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Anyone with a heart won't soon forget the images from the Crescent City in the days following the Aug. 28, 2005, landfall of Hurricane Katrina: the homes swamped to the roof line, the famished and thirsty gathered disconsolately in the lobby of the Ernest N. Morial Convention Center, the pitiful "help" signs spelled out with sodden clothing. If you watched the news, it seemed there would be nothing left to fix.
Indeed, Cox Communications' local system entered that hot August day with 500,000 homes passed and 270,000 customers. After the levies failed and the flood waters came, Cox found that it had lost much of its plant and the homes of an estimated 90,000 subscribers.
In just the third quarter of that year, according to a Cox filing with the Securities and Exchange Commission, the company estimated $115 million in losses, $44.9 million of that in lost revenue.
It took Cox New Orleans two years to rebuild 98% of its system nodes and 98% of its network.
Because the system had to be rebuilt anyway, corporate management took the stance that the plant should be recreated better than before. Atlanta-based Cox invested a half-billion dollars in private capital to create a system offering faster Internet connections, a stronger business proposition and higher revenue generating units, especially for phone services.
The region was one of the first in the Cox universe to institute an Extendable Optical Network (EON) upgrade, improving the plant to 850 Megahertz. That jump-started the deployment of HDTV, advanced services and faster high-speed Internet service.
Now, instead of Cox New Orleans, the local system is Cox Louisiana, the result of a consolidation last year. State operations are connected with a redundant fiber link including the Baton Rouge and Lafayette markets.
As a result, "we're as well-positioned as any competitor in the market," said Colleen Levy, vice president of marketing for Cox Louisiana. "There's a feeling here that we can get through anything."
Levy's been connected to that can-do New Orleans attitude for a long time. She's a city native, who mercifully was at a different job, in Atlanta working for BellSouth, when the storm hit. Her parents were also on vacation that August day, and close family friends were in the Lakeview district and on high enough ground that they weren't flooded.
Levy didn't make it back to the city until the following May. Seeing what her hometown had become was really hard, she said, but she was also inspired by passion and the resilience of people who decided to stay and reinvigorate the city.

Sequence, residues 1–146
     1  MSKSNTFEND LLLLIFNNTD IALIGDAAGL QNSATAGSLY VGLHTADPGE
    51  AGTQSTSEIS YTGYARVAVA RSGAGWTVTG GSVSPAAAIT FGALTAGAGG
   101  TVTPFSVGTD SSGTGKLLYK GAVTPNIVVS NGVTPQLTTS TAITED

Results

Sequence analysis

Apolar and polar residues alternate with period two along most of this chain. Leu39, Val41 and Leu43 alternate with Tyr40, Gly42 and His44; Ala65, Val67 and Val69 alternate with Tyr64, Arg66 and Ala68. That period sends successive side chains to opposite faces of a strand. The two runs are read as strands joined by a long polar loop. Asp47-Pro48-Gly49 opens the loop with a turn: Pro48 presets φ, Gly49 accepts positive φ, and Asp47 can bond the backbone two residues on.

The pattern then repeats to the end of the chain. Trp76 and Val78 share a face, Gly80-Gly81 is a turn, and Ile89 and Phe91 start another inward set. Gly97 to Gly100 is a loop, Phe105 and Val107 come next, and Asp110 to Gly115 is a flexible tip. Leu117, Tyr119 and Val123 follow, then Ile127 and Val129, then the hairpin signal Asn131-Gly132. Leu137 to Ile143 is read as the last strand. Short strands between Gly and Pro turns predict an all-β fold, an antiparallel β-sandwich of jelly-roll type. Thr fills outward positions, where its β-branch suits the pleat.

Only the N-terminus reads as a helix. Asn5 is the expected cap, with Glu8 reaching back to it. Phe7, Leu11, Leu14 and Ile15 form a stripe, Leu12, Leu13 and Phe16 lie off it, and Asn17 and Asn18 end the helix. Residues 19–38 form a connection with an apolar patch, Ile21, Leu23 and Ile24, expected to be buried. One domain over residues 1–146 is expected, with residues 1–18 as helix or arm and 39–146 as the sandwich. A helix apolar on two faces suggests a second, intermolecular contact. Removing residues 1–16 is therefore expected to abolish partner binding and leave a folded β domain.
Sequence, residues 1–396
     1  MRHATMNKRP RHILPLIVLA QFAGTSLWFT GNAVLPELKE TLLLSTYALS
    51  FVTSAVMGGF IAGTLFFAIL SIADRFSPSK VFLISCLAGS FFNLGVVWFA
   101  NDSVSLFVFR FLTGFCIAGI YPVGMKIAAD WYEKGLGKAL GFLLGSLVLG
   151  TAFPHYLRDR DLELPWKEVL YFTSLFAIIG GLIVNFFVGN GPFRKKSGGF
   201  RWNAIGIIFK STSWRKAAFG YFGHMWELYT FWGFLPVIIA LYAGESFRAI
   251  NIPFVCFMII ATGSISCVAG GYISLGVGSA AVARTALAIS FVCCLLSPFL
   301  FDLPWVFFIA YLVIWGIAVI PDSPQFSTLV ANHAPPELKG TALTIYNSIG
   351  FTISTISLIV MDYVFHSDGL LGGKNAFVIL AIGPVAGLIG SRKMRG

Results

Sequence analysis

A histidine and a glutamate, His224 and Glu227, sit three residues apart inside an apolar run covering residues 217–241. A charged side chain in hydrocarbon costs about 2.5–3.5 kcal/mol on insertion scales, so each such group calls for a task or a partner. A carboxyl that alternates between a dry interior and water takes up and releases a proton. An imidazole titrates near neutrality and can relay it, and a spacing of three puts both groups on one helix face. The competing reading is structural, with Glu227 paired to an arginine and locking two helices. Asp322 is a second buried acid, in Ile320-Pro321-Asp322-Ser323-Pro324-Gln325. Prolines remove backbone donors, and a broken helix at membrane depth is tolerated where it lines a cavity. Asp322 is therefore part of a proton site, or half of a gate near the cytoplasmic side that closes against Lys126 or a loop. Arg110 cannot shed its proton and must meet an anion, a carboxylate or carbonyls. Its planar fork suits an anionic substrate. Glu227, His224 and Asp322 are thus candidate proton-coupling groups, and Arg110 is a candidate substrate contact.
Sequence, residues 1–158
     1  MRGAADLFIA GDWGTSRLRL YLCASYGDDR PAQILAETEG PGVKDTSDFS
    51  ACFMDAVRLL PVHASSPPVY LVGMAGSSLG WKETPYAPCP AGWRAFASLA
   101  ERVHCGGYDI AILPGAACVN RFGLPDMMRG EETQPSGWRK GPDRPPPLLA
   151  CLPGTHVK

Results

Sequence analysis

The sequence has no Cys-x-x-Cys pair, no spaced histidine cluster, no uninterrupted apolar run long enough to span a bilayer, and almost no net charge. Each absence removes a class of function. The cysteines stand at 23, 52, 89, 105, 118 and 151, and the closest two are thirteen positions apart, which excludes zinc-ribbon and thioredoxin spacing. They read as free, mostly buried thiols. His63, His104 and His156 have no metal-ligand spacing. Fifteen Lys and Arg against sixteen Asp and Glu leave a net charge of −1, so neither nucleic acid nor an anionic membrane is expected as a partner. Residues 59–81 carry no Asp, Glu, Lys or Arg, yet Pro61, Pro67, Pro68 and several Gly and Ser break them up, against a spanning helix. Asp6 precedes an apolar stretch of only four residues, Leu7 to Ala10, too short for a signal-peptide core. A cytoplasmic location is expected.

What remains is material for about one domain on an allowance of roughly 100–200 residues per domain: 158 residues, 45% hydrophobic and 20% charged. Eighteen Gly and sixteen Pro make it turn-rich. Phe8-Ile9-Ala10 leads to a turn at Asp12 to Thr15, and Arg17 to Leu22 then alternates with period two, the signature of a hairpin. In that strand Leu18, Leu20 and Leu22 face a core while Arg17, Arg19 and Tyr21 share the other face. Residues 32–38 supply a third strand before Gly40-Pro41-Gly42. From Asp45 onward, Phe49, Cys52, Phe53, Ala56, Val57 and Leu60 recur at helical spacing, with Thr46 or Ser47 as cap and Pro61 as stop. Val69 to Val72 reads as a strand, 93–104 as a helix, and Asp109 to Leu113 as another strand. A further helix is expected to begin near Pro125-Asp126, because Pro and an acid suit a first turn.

The repair and upgrade effort have helped make New Orleans one of the growth markets for Cox, especially for phone services, Levy noted. Ann Ruble, system spokeswoman, noted that phone penetration in the division has increased by 84% during the last five years (as a private company, Cox does not report specific subscriber numbers).
Part of that growth is attributable to the introduction of enhanced features, Levy said. New Orleans patrons can use Caller ID on TV and Phone Tool, which enables customers to check their voice mail via the Internet.
The most competitive feature may be the extended local calling zone Cox offers that its competitors don't. Levy said Cox analyzed calling trends and realized Louisianans living south of Lake Ponchartrain make lots of calls to family and former neighbors who have relocated north of the lake. Rather than continue to charge extra for long distance, the system launched a marketing campaign in the local argot, urging customers to sign up for phone service that would allow them to "Call Yo Mamma and Them" at local rates.
System improvements also allow the operator to offer data service at speeds of 22 Megabits per second, which allows both consumers and Cox to keep ahead of such trends such as the so-called over-the-top streaming of Internet content. The system plans for top speeds of 50 Mbps by year-end, Levy added.
The robust plant has also allowed the operator to sell in business services to both legacy businesses and new industries that arrived as part of the post-storm revitalization effort.
Business sales are especially strong in the health care, financial and government sectors, according to system spokeswoman Ann Ruble. The regional optical network makes Cox a natural partner for hospitals and banks with multiple rural and urban markets, she added.
The company has also leveraged the local partnerships it cultivated before, during and after Katrina.
"Localism has always been a great differentiator," Levy noted, against competitors such as satellite. Through its regional sports network, Cox Sports TV, the company built relationships with Louisiana State University, the New Orleans Hornets of the National Basketball Association and a little franchise called the New Orleans Saints. Who dat? You know, the winner of last year's Super Bowl.
Levy said because of its relationship, Cox was able to offer replays of Super Bowl XLIV on VOD. It drew some of the best viewership of any asset ever on the division's VOD platform, with subscribers staging "Super Bowl Replay" parties, Levy said.
But executives said the system's remarkable progress in rebuilding and growing both the residential and business services operations wouldn't have been possible without Cox employees.
"Their commitment to bringing customers back, in the face of their own rebuilding challenges, has been nothing short of remarkable," Ruble added.
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